Husum mill prepares to start up expanded BM1 this autumn

The extended BM1 is expected to start up during the second half of 2023 and to reach full capacity by the end of 2025, but the machine extension is only part of this impressive project.

“The most important outcome of this project for our customers will be the increased availability of sustainable, lightweight products that help reduce packaging carbon footprint,” says Jonas Adler, Product Manager for Folding Boxboard at Husum. “BM1 produces MetsäBoard Pro FBB Bright, MetsäBoard Natural FBB, MetsäBoard Pro FSB Cup and MetsäBoard Natural FSB Cup products. Nothing will change in the recipes of these popular and trusted products, it’s just that there will be more available and they’ll be produced in an even more consistent, predictable and sustainable manner,” he highlights.

Apart from the board machine extension itself, there is plenty more going on at Husum as part of the expansion project. For example, a new winder and automatic reel handling will be installed. “Handling and transportation of jumbo reels will be automated all the way from the coating machine to the reel warehouse,” explains Adler. “This is not only more efficient, but also safer too.” Increasing the level of automation will also mean that production operators can focus on what they do best: producing premium-quality, sustainable board.

The port at Husum is now home to a temporary warehouse for storing finished products to ensure there is no disruption in supply when BM1 shuts down in autumn 2023 for the extension work. A new warehouse is also being built specifically for reels being shipped to customers in the USA, where demand for Metsä Board’s lightweight paperboards is growing as customers seek to replace plastic in their packaging products.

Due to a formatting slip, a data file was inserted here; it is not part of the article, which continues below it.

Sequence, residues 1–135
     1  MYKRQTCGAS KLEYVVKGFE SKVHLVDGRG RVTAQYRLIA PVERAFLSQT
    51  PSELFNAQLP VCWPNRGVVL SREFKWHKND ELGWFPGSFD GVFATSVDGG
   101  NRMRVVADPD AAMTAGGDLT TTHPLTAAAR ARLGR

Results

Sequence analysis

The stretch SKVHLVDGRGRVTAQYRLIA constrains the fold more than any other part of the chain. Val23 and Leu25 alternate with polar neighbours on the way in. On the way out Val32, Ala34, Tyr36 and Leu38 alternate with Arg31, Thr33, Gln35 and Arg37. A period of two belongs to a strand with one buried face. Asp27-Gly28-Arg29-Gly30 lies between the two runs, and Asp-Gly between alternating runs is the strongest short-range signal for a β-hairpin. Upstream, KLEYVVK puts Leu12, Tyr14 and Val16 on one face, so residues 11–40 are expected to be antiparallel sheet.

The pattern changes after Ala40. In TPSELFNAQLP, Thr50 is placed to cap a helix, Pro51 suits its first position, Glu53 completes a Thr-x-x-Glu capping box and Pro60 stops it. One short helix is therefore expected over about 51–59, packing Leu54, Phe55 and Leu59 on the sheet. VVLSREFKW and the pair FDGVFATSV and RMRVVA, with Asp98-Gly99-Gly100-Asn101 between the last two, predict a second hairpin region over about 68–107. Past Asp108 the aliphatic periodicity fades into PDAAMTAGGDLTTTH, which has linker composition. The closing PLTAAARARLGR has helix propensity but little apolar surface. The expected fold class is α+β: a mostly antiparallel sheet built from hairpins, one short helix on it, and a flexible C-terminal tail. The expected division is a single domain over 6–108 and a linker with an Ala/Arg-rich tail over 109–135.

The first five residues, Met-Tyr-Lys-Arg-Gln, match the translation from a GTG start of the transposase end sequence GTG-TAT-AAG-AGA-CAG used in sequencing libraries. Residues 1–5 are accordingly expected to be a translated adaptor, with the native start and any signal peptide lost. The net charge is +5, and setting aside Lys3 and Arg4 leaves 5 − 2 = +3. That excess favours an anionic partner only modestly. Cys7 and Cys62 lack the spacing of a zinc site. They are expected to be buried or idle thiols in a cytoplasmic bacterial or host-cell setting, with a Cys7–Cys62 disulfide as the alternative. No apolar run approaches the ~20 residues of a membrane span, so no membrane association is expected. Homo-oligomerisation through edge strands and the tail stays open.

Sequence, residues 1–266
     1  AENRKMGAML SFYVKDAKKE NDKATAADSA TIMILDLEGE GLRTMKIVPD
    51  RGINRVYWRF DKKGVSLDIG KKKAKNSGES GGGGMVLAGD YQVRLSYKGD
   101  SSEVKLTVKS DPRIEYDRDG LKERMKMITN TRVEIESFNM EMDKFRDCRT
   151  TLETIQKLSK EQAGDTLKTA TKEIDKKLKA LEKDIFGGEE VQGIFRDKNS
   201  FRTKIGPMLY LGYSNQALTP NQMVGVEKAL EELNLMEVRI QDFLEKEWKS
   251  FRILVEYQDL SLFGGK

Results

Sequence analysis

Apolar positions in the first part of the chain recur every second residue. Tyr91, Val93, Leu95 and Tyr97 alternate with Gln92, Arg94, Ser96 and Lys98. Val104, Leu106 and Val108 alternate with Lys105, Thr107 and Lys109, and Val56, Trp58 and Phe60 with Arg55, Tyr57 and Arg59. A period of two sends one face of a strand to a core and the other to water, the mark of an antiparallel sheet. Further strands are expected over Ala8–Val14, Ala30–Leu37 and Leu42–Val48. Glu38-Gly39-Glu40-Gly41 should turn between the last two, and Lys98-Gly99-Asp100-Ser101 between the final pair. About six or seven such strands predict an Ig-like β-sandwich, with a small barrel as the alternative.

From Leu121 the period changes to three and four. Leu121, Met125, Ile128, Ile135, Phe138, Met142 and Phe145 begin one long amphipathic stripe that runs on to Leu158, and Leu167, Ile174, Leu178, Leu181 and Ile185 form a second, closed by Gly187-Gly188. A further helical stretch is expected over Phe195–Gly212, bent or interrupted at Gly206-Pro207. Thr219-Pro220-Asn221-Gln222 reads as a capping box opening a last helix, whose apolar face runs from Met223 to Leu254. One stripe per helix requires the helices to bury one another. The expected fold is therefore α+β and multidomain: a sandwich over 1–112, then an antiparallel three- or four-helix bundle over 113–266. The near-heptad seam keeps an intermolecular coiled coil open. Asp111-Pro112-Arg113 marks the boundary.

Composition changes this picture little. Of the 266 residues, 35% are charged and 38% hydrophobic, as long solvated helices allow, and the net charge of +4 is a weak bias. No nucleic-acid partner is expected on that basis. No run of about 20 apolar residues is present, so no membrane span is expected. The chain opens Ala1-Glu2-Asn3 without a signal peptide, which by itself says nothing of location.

“Efficiency is the word that best captures the goal of the project as a whole,” Adler says. “A lot of hard work is going into making the whole workflow of the mill even smoother and more efficient. For example, we’ll have intermediate roll storage to flatten peaks in production and automated customer reel handling for cassettes for the US market.”

The new recovery boiler and turbine of the Husum pulp mill started up at the end of 2022 providing the bio-based steam and electricity to power the capacity expansion. Together they are expected to increase electricity production by around 330 gigawatt hours per year. This means the mill’s electrical self-sufficiency will increase to over 80%. “The recovery boiler provides more stable steam production, which translates into more consistent board production and quality. Better quality and consistency mean less waste for our customers, so this is yet another way in which we are improving the sustainability of our products,” says Adler.

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